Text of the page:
Using the Kepler space telescope, NASA discovered ten new exoplanets that are located in the habitable zone of their respective stars.
The method used by space missions for the detection of exoplanets is that of planetary transit, the observation of the decline in luminosity of a star when a planet passes in front of its disc.
Although possible from terrestrial telescopes, this method suffers from the effects of atmospheric turbulence which causes fluctuations in luminosity generally greater than the decline caused by possible planetary transit.Kepler telescope identifies 10 new Earth-sized planets that lie in the habitable zone.Click To Tweet
In space, however, telescopes can detect lower luminosity variations, and in particular, those produced by the transit of planets as small as the Earth.
The Hunt for Habitable Extrasolar Planets
For almost twenty years, exoplanets, these distant planets outside our solar system, are the object of real hunting. It all began in 1995, when two Swiss scientists of the Observatory of Geneva announced the discovery of the very first exoplanet, 51 Pegasi b. But for many years, the discoveries have been made in dribs and drabs.
In 2006, the launch of the European CoRoT satellite by ESA made the first turn in the search for exoplanets. Corot discovered 32 planets in total, especially the first super-Earth, a rocky planet several times the mass of the Earth.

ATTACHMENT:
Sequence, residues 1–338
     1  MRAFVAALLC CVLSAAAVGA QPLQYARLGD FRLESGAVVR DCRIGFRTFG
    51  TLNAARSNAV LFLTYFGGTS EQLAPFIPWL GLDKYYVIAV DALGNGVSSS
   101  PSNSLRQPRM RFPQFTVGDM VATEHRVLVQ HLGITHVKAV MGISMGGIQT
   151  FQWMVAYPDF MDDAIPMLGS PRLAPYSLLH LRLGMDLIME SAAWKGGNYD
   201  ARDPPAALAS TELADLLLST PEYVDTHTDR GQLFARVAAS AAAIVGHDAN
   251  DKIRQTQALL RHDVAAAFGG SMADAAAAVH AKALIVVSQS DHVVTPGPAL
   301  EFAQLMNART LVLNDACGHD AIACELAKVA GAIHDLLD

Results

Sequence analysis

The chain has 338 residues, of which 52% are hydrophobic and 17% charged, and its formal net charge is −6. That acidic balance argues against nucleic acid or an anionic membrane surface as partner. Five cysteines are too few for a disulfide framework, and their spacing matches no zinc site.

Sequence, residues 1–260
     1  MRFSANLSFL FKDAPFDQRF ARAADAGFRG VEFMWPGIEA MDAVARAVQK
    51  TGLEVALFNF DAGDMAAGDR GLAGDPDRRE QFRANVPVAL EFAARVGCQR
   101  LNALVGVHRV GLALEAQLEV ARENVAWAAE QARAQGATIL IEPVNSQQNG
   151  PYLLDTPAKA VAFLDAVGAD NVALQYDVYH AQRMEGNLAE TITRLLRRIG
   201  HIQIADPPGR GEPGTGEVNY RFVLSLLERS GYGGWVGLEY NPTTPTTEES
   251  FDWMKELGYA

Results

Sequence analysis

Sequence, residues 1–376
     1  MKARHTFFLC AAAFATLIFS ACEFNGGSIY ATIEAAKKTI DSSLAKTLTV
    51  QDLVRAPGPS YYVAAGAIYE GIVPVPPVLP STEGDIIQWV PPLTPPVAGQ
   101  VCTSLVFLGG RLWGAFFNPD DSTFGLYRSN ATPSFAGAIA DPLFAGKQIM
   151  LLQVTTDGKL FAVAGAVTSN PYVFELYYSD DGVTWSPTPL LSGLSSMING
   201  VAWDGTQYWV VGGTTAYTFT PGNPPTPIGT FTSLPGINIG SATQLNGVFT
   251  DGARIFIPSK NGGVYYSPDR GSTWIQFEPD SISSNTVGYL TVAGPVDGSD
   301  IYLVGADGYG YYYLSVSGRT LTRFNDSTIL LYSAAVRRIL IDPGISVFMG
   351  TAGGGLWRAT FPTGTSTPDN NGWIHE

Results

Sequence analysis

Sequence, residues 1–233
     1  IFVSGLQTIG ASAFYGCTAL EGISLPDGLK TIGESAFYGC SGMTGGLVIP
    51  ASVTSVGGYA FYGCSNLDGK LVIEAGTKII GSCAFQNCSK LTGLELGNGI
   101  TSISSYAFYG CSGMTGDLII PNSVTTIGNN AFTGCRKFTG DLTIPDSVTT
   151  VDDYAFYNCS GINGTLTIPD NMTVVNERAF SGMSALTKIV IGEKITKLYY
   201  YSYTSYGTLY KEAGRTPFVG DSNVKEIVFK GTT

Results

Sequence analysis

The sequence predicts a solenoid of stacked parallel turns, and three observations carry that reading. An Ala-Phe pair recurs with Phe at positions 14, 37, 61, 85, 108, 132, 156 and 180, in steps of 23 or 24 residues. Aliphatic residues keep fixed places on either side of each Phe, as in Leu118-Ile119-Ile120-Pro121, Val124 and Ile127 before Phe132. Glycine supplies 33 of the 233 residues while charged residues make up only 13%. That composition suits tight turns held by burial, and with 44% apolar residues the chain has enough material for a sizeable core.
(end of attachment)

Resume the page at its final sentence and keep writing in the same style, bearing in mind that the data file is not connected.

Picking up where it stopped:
Then came Kepler that revolutionized the search for exoplanets.
Since its launch in March 2009, Kepler, the space telescope designed by NASA has discovered thousands of exoplanets.
Kepler keeps its eyes on over 145,000 stars, measuring their light about every 30 minutes, continuously, for four years. While before it took months to find one exoplanet, Kepler detects two per day on average.
10 new Earth-like Exoplanets Confirmed
Planets entirely covered with water, or with an ocean of lava, or planets orbiting two suns . . . the potential discoveries of Kepler never cease to fascinate.
Yesterday, Monday, June 19th, 2017, NASA has released the survey catalog of Kepler’s 4-year mission. Among thousands of candidates and hundreds of confirmed exoplanets, 10 Earth-like exoplanets of similar size were located in the habitable zone of their star, at a distance where water could exist in a liquid state.
These new discoveries, following similar recent announcements, suggest that Earth-like exoplanets might not be too rare in the Milky Way.
Since the beginning of its mission in 2013, Kepler has identified 4,034 candidates, among which 2,335 have been verified as exoplanets. Of the 50 near-Earth size planets, 30 have been verified to be located in the habitable zone of their star.